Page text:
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Hans III Jordaens (Antwerp 1585/1605 - 1643)
Hans III Jordaens (Antwerp 1585/1605 - 1643) - Paintings & Drawings Style Hans III Jordaens (Antwerp 1585/1605 - 1643) -
Ref : 63039
29 000 €
Period :
17th century
Artist :
'H. Jordaens. F'
Provenance :
German private collection
Medium :
Oil on panel
Dimensions :
l. 15.75 inch X H. 11.26 inch
Paintings & Drawings  - Hans III Jordaens (Antwerp 1585/1605 - 1643) 17th century - Hans III Jordaens (Antwerp 1585/1605 - 1643)
Galerie Lowet de Wotrenge

Old master paintings, drawings and sculptures. Works of art.


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Hans III Jordaens (Antwerp 1585/1605 - 1643)

The Discovery of Moses

Hans III Jordaens was born around 1595, probably in Antwerp. Little is known with certainty about his early life; there is still discussion on where and with whom he learnt to paint. Although a family connection has been suggested with Hans I Jordaens and even Jacob Jordaens, none of this has been conclusively proven. The records do reveal that in 1617 Jordaens married Maria van Dijck; in 1620 he joined the guild of St Luke. He seems to have done well for himself as a painter, for by 1624 he already lived in a large house in Antwerp.

Few paintings by him are known; stylistically however, Hans III Jordaens was very close to Frans II Francken, with whom he collaborated from time to time. It is therefore entirely possible that paintings which today are attributed to the Francken workshop were in fact done by Hans III Jordaens. Confirmed paintings by him are few and far between; he is known to have painted the subject of The Crossing of the Red Sea several times, as well as a few collector’s cabinets. He also probably painted the figures in several works for landscape painters Abraham Govaerts – several of whose works he finished after his death – and Joos de Momper.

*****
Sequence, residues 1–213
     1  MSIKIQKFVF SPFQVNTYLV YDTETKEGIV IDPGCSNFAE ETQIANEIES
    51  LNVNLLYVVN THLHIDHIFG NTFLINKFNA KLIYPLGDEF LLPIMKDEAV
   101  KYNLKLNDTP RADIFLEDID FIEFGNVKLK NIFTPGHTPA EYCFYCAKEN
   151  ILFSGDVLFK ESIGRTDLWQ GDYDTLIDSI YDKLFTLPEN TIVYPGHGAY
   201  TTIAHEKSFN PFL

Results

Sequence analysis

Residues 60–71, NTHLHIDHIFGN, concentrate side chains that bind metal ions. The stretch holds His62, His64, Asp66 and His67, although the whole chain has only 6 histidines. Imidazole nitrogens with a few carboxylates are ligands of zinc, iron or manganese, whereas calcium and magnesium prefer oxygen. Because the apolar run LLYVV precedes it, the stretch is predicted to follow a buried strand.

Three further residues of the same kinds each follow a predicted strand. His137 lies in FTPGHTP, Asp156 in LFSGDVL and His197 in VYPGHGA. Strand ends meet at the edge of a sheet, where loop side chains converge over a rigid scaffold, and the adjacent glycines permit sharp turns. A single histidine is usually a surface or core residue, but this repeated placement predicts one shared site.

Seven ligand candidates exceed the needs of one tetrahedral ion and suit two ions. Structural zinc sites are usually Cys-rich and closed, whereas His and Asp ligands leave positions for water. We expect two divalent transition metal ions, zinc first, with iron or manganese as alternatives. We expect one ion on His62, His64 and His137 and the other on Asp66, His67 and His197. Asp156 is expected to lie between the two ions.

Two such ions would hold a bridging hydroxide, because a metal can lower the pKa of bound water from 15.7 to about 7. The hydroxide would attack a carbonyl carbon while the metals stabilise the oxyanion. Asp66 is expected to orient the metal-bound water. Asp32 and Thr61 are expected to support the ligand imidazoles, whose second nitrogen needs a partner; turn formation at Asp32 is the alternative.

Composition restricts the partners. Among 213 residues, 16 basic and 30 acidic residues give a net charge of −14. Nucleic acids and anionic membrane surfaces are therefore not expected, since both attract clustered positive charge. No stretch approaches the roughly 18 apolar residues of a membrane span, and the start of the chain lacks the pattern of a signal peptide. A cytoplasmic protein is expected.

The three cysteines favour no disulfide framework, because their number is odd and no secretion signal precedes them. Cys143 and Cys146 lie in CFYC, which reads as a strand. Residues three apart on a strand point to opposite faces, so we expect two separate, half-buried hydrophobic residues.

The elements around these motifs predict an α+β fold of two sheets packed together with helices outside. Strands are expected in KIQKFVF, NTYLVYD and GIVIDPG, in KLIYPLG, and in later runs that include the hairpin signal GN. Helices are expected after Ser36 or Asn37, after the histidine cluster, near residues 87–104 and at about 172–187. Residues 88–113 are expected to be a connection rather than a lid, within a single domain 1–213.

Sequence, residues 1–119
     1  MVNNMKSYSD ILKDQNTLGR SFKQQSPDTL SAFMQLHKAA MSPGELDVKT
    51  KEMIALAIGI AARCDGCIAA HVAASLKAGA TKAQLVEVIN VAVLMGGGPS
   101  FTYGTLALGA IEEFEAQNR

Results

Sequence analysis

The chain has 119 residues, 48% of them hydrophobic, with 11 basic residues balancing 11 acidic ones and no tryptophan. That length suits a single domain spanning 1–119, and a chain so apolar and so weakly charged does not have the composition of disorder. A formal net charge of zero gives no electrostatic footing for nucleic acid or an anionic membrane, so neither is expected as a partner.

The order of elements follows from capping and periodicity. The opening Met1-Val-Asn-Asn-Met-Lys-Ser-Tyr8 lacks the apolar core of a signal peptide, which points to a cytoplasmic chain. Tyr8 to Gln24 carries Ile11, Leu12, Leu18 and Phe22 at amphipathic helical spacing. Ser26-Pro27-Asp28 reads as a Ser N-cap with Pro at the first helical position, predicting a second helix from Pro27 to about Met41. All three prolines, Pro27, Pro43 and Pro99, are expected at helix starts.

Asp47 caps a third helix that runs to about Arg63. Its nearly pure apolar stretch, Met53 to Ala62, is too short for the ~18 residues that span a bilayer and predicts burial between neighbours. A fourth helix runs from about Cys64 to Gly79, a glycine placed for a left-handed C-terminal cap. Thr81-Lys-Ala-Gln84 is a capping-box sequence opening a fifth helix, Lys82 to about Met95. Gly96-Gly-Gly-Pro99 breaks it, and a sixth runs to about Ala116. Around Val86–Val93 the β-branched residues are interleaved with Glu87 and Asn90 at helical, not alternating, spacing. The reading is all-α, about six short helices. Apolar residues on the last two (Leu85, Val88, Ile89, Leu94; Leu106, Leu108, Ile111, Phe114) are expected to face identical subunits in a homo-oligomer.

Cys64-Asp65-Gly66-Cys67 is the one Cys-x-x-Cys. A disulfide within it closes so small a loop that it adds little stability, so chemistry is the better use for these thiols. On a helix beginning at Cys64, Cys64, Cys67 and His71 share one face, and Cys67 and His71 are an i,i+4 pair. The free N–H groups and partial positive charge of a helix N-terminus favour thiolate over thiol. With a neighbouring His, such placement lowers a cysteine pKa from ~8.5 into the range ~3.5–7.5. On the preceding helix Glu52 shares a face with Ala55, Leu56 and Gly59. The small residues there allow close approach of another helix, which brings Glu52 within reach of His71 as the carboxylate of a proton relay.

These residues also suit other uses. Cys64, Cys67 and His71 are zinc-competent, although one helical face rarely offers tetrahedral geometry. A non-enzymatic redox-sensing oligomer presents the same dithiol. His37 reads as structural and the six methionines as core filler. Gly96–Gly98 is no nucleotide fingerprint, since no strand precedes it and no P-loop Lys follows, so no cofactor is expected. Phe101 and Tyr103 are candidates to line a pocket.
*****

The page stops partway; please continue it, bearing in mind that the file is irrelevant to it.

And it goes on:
The present work depicts the Finding of Moses, another story from the Old Testament. According to the Book of Exodus, Moses was born in a time when his people, the Israelites, an enslaved minority, were increasing in numbers and the Egyptian Pharaoh was worried that they might ally themselves with Egypt’s enemies. Moses’ Hebrew mother, Jochebed, secretly hid him when the Pharaoh ordered all newborn Hebrew boys to be killed in order to reduce the population of the Israelites. Through the Pharaoh’s daughter, the child was adopted as a foundling from the Nile river and grew up with the Egyptian royal family.

As Jordaens seems to have produced many works depicting scenes from the Old Testament, and more specifically episodes that were crucial to Jewish history, it is possible that he worked for a Jewish clientele, although this has not been conclusively proven.

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Galerie Lowet de Wotrenge

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17th Century Oil Painting